So, the next time you start panicking, give yourself a dose of honest reality for your fears. If nothing else, it can help you realize that there’s a next step, or another option if things don’t go quite as planned.
The soldier who was arrested for taking an armored personnel carrier on a slow-speed police chase through Virginia has been found not guilty by reason of insanity on two charges, according to The Richmond-Times Dispatch.
Joshua Phillip Yabut, 30, entered a plea of not guilty by reason of insanity for unauthorized use of a motor vehicle — in this case, a 12-ton APC taken from Fort Pickett in June 2018 — and violating the terms of his bond, which stemmed from a trip to Iraq he took in March 2019 (which was not a military deployment).
In the aftermath of the ISIS suicide bombing at a wedding reception on in Afghanistan that left 63 people dead on Saturday night, Afghan president Ashraf Ghani marked the nation's 100th independence celebration with a solemn vow to "eliminate" the terror group's strongholds across the country.
"We will take revenge for every civilian drop of blood," Ghani declared. "Our struggle will continue against (ISIS), we will take revenge and will root them out."
That might prove difficult. Six month after President Donald Trump declared victory over the ISIS "caliphate" in Iraq and Syria, the terror group continues to mount a bloody comeback across the Middle East — and Afghanistan is no exception.
A career Fort Worth defense contractor who spent time in prison for lying to the government is in trouble again for similar conduct, which investigators say could have compromised troop safety and led to the disclosure of U.S. technology secrets to foreign governments.
Ross Hyde, 63, has been charged in federal court with making false claims about the type of aluminum he provided under a contract for aircraft landing gear, court records show. He faces up to five years in prison, if convicted.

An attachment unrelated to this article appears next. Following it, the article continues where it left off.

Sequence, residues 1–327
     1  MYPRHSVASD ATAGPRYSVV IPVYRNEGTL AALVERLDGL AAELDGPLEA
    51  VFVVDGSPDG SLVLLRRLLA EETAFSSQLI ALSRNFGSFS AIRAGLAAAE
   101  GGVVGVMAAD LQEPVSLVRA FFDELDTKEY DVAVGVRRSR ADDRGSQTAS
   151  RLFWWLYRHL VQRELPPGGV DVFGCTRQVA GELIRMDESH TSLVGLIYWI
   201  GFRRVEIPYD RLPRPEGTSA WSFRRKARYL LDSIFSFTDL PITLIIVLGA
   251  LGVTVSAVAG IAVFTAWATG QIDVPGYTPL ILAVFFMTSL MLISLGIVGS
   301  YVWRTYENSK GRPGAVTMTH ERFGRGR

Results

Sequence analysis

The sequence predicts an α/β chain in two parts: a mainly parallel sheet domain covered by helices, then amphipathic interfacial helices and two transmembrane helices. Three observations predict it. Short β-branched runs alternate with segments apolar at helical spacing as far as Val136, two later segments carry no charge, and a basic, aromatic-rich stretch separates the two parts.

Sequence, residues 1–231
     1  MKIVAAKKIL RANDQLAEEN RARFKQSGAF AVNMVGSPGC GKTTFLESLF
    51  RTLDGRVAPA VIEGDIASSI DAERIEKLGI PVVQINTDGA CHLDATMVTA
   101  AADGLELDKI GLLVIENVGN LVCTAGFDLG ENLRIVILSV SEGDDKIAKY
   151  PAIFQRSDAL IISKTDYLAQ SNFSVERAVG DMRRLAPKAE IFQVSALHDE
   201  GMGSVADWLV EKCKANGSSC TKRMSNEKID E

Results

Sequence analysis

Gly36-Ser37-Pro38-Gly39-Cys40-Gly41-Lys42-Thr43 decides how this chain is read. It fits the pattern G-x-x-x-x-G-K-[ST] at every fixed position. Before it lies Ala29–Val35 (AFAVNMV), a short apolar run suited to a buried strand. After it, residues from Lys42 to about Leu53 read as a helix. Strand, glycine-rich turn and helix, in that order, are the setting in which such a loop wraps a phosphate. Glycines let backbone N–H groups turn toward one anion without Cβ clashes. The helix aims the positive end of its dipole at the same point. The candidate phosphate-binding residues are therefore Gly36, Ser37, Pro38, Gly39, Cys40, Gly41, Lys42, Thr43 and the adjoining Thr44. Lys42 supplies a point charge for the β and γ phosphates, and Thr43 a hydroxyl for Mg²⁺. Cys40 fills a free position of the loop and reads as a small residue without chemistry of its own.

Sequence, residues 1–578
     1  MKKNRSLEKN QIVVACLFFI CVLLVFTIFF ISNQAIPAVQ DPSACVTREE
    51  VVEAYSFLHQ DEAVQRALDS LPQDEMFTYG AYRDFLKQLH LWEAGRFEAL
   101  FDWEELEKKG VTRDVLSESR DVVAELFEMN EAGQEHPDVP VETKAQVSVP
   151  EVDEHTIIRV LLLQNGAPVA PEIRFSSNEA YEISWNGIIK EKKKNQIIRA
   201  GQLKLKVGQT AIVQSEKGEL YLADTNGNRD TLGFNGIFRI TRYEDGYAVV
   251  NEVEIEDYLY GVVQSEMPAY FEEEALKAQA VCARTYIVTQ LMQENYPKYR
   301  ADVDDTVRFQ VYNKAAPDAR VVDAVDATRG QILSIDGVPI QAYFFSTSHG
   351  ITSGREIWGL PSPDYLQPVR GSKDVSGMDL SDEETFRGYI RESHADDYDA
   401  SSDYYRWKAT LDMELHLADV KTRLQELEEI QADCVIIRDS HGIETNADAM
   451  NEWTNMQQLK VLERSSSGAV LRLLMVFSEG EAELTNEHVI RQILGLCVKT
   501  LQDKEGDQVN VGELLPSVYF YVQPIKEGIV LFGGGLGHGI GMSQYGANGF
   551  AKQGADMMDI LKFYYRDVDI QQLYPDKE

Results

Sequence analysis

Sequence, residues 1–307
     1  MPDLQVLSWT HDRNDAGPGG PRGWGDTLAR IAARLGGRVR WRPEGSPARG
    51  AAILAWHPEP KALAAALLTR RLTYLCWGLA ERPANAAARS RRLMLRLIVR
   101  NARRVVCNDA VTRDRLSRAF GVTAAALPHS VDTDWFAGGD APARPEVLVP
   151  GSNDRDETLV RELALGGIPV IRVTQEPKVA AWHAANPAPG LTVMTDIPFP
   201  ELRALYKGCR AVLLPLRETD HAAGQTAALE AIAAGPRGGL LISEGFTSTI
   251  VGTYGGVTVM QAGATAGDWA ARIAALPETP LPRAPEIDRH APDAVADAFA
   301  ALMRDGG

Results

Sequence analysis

Hyde, a machinist, has said in court documents that he's worked in the industry all his life. His latest company, Vista Machining Co., has supplied the Pentagon with parts for tanks, aircraft and other military equipment — mostly hardware and machined metals — since 2008. But inspectors said many of his products were cheap replacements, some illegally obtained from China, which he tried to hide from the government.
It's been more than a week since a mysterious Russian nuclear accident roughly 600 miles north of Moscow and only the Kremlin and those killed know what happened.
What is known is something exploded on Aug. 8 at a naval weapons testing range near the village of Nyonoksa. The Russian government's official account of the accident has changed several times since then, but the country's weather agency recently confirmed that radiation levels jumped to 16 times greater than normal after the blast.
U.S. media outlets have reported that a nuclear-powered cruise missile named the SSX-C-9 Skyfall likely exploded during testing. President Donald Trump appeared to confirm as much when he tweeted on Aug. 12 that the United States had gleaned useful information from "the failed missile explosion in Russia."
Sesame Street is launching a new initiative geared toward military caregivers that's designed to help children understand, cope with, and ask questions about their parent's military service.